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Asia-Europe rate falls 6pc to US$858/TEU, off 3.7pc to Med ports

SPOT rates for shipping containers from Asia to northern Europe fell six per cent to US$858 per TEU in the week ending Friday, according to the Shanghai Containerised Freight Index (SCFI). Asia-Mediterranean trade dropped 3.7 per cent to $844 per TEU, American Shipper reported. Asia to the US west coast slipped 9.8 per cent week-over-week to $1,771 per FEU while those to the east coast off seven per cent to $3,214 per FEU.

Cosco Shipping Ports' January throughput rises 7pc to 8.38m TEU

CHINA-BASED global terminal operator, Cosco Shipping Ports (CSP) reported a 7 per cent container throughput in January to 8.38 million TEU from 7.83 million TEU in the previous corresponding period. CSP's overseas terminals once again took the lead segment with volumes soaring 38 per cent to 1.41 million TEU, compared to 1.02 million TEU in the same month last year. The key Bohai Rim and Yangtze River Delta regions also performed well with volume gains of 3 per cent and 2 per cent respectively. Throughput rose to 2.76 million TEU from 2.68 million TEU at the Bohai Rim region in January, while at the Yangtze River Delta, volumes rose to 1.62 million TEU from 1.58 million TEU in January 2016, Seatrade Maritime News reported. The Pearl River Delta region, which includes the group's Hong Kong terminals, which had been struggling all through last year managed to turn in positive growth in throughput, with volumes rising 3 per cent to 2.16 million TEU from 2.10 million TEU. COSCO-HIT terminal in particular turned in a stellar 21 per cent rise in throughput for January. The slowly growing ports on the Southeast coast grew 4 per cent to 349,100 TEU from 336,700 TEU previously. And the single port on the Southwest coast started the year slowly, being the only port to see negative growth, with throughput falling 9 per cent to 93,100 TEU from 102,700 TEU previously.

Korea Shipping to buy 10 HMM box ships as part of US$633.7m prop up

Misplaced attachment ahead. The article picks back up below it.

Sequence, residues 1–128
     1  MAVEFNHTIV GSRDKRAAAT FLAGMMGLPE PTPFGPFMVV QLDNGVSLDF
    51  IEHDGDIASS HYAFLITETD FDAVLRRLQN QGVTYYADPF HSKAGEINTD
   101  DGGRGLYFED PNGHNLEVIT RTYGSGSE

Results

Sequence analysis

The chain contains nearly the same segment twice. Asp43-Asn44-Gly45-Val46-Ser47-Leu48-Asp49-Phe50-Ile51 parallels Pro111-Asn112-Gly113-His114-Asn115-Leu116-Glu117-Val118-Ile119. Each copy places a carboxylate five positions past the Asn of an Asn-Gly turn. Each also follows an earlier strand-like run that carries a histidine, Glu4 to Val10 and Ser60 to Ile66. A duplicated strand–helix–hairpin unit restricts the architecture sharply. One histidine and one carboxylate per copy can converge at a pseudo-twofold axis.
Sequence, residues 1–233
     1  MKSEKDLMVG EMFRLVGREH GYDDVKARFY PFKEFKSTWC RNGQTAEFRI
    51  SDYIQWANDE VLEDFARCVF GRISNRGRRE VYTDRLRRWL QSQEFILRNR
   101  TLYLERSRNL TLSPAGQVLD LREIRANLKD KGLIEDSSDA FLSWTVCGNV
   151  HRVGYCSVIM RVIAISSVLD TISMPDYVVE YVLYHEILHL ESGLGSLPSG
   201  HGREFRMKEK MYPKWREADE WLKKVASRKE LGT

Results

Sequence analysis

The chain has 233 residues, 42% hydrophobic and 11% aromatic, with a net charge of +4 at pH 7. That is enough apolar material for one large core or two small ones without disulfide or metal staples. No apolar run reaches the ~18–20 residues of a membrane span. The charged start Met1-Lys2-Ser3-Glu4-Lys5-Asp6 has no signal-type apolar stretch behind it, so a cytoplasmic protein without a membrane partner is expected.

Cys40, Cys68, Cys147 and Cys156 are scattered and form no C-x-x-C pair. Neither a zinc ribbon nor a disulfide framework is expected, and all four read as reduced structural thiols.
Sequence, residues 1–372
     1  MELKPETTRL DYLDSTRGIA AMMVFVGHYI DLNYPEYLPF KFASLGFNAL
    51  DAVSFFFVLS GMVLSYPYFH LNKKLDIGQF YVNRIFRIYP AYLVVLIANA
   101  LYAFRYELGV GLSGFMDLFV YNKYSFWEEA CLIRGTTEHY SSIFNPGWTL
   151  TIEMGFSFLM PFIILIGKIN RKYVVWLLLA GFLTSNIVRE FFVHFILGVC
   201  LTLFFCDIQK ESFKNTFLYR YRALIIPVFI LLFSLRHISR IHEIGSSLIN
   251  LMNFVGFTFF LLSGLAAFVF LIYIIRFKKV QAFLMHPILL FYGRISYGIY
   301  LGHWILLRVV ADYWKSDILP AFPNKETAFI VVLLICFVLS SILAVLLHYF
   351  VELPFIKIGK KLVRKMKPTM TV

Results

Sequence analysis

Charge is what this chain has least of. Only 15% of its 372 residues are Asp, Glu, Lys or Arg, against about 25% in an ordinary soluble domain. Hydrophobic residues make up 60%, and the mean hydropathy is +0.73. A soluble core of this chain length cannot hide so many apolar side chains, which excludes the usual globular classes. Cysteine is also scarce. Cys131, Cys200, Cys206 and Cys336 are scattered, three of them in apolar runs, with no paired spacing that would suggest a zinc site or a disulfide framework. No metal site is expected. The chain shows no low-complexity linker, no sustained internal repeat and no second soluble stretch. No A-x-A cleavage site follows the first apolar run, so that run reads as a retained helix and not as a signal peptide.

STATE-BACKED ship financing company Korea Shipping plans to pump KRW720 billion (US$633.7 million) into Hyundai Merchant Marine this month or next month to shore up its capital base, with part of the funds to be spent on ten containerships operated by HMM, Yonhap reported, quoting a standing member Sohn Byung-doo of the Financial Services Commission. Funds will be transferred to HMM through the purchase of stocks and debts. About KRW150 billion will be set aside to buy HMM stock, with the remaining funds used to buy debts and convert these into stocks. Korea Shipping Co. was established this month with an initial capital of KRW1 trillion to help local shipping lines buy new vessels in a bid to support local shipping firms, as well as shipbuilders, struggling with falling new orders and mounting losses. Separately, HMM will place orders for five container vessels and two or three oil tankers later this year with the state-backed financing programme, reported Marine Link.

Yang Ming to boost capacity of Taiwan-Philippines Express service

YANG MING Marine Transport Corp is to add a 2,800-TEU containership to its Taiwan-Philippines Express (TPE) service, starting from tomorrow (February 21). Two containerships of 1,793 TEU and 1,702 TEU currently ply the TPE route with the smaller vessels Teng Yun He operated by Orient Overseas Container Line (OOCL). The network covers Kaohsiung, Manila North Port and Manila South Port with a round voyage of seven days, Seatrade Maritime News reported. "At the same time, Yang Ming will provide a new direct service from South China to the Philippines (PH2 service) through slot exchange cooperation with OOCL," said Yang Ming. The seven-day port rotation of PH2 service is Shekou, Hong Kong, Manila North Port, Manila South Port, returning to Shekou.

Expansion of Virginia box terminal begins to raise annual capacity to 1.2m TEU

A US$320 million expansion project at Portsmouth's Virginia International Gateway (VIG) container terminal has begun. The works will nearly double the terminal's annual cargo handling capability and enable it to handle larger containerships. The project is the first of two large-scale expansion projects that, together with a project at Norfolk International Terminals (NIT), will increase the port's overall annual container handling capacity by 40 per cent, or one million container lifts by 2020, reported American Shipper. The overall project includes expanding VIG's container stacking yard, doubling the on-dock rail operation and expanding the truck gate. The cost of the work will be shared by Alinda Capital Partners and the Universities Superannuation Scheme (USS), the owners of VIG. VPA CEO John Reinhart was cited as saying: "We are adding capacity now so we can handle the cargo that will be coming to us in the very near future. The big ships are here - more are on the way - and they are carrying significant amounts of containers and Virginia wll be ready to accommodate that volume." The project involves lengthening the wharf to make way for four new Suez-class container cranes. The wharf project begins March 15 and is scheduled for completion in the winter of 2018. Once complete, VIG will have the capacity to handle 1.2 million containers annually, up from 650,000 containers per year at present.